By Chelsea Dickens
The logistical side of building net-zero seems tedious, but it can be the make or break in affordability and the overall success of a project. The zoning, permitting and code applications are details that must be accounted for in any net-zero or energy efficient design.
Carol Oldham, Executive Director of Mass Climate Action Network notes that many communities in Greater Boston are taking the initiative to build green but it proves challenging.
“We are working to get a net-zero stretch code passed,” Oldham says. “Meaning that buildings in certain communities could pass a net-zero stretch code and all their new buildings could be net zero and all their older buildings could eventually be retrofitted which would help them get to their net zero goal.”
In Massachusetts, it is against the law for municipalities to create their own energy codes and adopt them without state approval, says Meghan Shaw, Director of Cambridge Energy Alliance and liaison for MassSave. The state legislature must first pass energy codes, such as the net-zero stretch code, into law before cities can adopt it.
Interview with Massachusetts Rep. Natalie Higgins, image via Mass. Legislature Webpage
The Net-Zero Stretch Code legislation, Bill H2865 allows the current code which pushes for energy efficiency to extended to include net-zero requirements for new homes depending on the year of the build and the year the municipality adopted the stretch code.
Architect Michael McHugh, of Davis Square Architects in Somerville, Mass. says that there are some communities that haven’t adopted the current stretch code in their city limits making it difficult for those homes to even begin reaching net-zero, depending on its design.
Todd Main, of Todd Main & Company construction out of Beverly, Mass., has worked to build all his homes or his projects to meet the stretch code to access incentives through the state.
“If you opt not to do the stretch code, though in some towns the stretch code is enforced, you may be, say, insulating that house again,” he says.
Cambridge is one of the municipalities though that has adopted the current stretch code.
Seth Federspiel, Net Zero Task Force Planner for the City of Cambridge, has been working with a team of consultants, architects and builders to find a cohesive and viable plan for meeting net-zero for the city within the century.
Infographic of Net-Zero Plan Courtesy of City of Cambridge
“Where net zero energy requires the energy, it uses to be created on site, net-carbon emission allows it to bring in renewable energy to offset that energy used,” he says.
This is the most comprehensive plan in his opinion to reaching an affordable housing solution and an energy conscious one.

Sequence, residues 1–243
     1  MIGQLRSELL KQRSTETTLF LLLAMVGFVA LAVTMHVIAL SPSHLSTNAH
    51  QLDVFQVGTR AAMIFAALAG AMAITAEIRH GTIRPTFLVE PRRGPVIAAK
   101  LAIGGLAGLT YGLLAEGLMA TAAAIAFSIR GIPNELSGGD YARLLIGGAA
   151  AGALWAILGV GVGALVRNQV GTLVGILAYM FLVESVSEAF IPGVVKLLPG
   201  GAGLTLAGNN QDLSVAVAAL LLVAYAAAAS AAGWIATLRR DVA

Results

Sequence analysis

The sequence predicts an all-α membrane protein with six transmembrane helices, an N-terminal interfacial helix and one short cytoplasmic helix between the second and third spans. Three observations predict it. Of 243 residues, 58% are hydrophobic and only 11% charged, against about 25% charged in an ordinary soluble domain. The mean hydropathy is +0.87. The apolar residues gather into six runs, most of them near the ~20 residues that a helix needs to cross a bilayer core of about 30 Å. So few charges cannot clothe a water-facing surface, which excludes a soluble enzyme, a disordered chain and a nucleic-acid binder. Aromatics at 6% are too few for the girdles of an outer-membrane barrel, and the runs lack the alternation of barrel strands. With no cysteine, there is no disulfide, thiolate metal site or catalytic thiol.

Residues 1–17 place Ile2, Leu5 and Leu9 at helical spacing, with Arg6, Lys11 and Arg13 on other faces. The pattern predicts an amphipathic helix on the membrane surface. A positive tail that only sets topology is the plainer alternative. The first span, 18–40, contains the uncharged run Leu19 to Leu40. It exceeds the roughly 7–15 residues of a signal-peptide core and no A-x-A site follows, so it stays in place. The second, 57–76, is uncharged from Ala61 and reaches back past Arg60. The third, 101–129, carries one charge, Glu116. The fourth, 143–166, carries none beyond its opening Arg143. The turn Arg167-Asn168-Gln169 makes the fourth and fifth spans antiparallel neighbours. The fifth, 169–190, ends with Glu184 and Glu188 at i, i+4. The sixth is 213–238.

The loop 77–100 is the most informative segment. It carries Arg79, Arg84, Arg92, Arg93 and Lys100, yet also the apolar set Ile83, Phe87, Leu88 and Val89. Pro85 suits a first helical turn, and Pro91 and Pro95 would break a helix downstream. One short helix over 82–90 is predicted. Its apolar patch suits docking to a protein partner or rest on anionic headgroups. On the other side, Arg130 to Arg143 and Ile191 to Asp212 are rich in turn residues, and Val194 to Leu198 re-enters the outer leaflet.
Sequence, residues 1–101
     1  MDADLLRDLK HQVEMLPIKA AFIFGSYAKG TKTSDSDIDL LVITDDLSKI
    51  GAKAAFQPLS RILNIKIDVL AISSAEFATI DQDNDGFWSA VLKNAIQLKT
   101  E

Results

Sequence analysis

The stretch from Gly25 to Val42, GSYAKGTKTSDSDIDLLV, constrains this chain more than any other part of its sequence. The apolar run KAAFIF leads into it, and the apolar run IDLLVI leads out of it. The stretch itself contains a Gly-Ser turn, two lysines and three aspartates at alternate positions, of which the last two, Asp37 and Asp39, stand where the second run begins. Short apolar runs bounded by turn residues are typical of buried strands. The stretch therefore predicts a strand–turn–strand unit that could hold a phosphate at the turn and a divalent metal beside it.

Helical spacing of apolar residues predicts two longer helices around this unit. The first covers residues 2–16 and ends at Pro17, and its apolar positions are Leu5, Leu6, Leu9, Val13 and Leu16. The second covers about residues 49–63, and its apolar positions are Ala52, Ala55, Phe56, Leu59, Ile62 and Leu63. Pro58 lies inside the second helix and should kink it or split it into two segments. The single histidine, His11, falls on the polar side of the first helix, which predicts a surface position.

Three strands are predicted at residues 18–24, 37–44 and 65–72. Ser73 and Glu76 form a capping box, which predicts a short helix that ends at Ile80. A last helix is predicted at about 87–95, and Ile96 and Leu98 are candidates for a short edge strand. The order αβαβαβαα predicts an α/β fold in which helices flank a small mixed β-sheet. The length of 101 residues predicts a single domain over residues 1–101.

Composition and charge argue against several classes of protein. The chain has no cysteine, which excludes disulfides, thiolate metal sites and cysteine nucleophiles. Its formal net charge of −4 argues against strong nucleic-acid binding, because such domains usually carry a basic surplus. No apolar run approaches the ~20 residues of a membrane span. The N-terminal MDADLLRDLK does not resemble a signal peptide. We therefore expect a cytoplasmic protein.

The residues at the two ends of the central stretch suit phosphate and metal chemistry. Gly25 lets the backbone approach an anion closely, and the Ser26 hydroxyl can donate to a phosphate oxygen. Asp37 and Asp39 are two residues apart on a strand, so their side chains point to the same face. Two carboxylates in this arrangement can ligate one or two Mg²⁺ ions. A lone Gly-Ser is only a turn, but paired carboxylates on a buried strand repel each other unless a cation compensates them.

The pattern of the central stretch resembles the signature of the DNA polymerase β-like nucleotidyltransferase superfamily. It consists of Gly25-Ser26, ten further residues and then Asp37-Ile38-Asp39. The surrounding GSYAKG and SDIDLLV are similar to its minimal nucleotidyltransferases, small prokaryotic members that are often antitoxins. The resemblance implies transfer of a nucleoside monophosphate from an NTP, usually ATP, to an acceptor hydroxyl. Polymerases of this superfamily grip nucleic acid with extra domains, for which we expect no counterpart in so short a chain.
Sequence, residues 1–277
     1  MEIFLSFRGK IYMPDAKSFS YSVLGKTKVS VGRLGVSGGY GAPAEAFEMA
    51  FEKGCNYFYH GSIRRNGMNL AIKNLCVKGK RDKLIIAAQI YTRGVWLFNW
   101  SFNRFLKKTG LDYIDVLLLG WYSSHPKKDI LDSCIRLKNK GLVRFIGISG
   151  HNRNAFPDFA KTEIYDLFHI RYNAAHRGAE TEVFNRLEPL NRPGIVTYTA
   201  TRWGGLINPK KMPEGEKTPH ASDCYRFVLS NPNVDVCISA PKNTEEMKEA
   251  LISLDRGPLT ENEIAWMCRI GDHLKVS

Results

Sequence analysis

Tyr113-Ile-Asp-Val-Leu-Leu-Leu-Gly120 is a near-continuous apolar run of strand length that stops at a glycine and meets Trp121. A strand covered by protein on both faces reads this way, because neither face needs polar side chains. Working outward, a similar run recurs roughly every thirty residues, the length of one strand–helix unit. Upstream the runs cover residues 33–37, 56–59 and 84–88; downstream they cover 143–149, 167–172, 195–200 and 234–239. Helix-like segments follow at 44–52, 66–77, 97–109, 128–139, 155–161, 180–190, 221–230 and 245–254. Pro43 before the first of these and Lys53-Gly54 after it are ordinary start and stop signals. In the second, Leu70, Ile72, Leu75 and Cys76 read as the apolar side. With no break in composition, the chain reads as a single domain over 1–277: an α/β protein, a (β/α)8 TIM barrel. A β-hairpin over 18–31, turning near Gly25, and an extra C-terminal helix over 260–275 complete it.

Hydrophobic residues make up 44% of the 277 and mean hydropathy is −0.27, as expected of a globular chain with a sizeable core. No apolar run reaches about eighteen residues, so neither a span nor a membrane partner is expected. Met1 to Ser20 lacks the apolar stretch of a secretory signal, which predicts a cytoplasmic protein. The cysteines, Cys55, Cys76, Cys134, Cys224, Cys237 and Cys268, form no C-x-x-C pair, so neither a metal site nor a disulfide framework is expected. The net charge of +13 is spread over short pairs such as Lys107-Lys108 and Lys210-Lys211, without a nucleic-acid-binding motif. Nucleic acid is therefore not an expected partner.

“There is somewhat of a stereotype that net-zero is really expensive when in reality if you do it in a strategic way it can be quite affordable not just in the long run but also up front,” he says.
There are even ways for residents, landlords and developers to confirm whether their property is net-zero ready or at least able to withstand the requirements before even bringing in experts.
Cambridge is six square miles and largely populated with large developments and current structures in place it is hard to build net-zero energy homes.
To encourage this type of building there are code adoptions, but there are also incentives.
“We’ve studied some incentives that could be more at the local level,” Federspiel says. “So potentially, giving a rebate to buildings that do perform beyond the minimum requirement and basing that rebate on a fee for buildings that don’t perform as well. That is harder, to penalize buildings that are still meeting the minimum code that all buildings have to meet, through the state building code. I think really leveraging the state incentives and really capitalizing the zoning incentives is where we are.”
Incentivizing these building codes are popular with many experts in the field but does have its drawbacks.
Robert Morton, a solar installer for ReVisions Energy, sees the incentives being used every day through his job. With the net-zero energy codes comes a hitch in the plan to create affordability and the incentive to build energy efficient homes.
“If the homes are not owner occupied than the incentives are not that great because it’s hard to tell who is using the energy,” he says. “There is financing which is tricky and tax credits, and depreciation, but if it’s rented then it’s kind of difficult to tell who is using the power. You have to incentivize the people who are using the power but not paying for it and how do they incentivize them to be conservative.”
Stretch codes give the initial push to developers and builders to think green from the very first stage of the project.
Main works with the stretch code for the best optimization of the project as well as the incentives.
“In general, with most of the homes I build we have to meet what’s called the stretch code and the stretch code encompasses not just heat and thermal efficiency, but it regulates heat loss and air transference. So not only are the houses super insulated but the envelopes are pretty cohesive where the air is released very slowly and its controlled where its released so there’s no moisture building up,” he says.
The stretch code and the net-zero energy stretch code are both alike in their flexibility. The codes are not meant to be a hindrance to those building new homes but leave space for change.
“Technology changes so we may find someday a solar that works in low light conditions or some fabulous thing we can put in the walls that makes our buildings much more efficient,” Carold Oldham says. “We will find things along the way that make our buildings better, so we wanted so we wanted to leave some flexible for folks to do that.”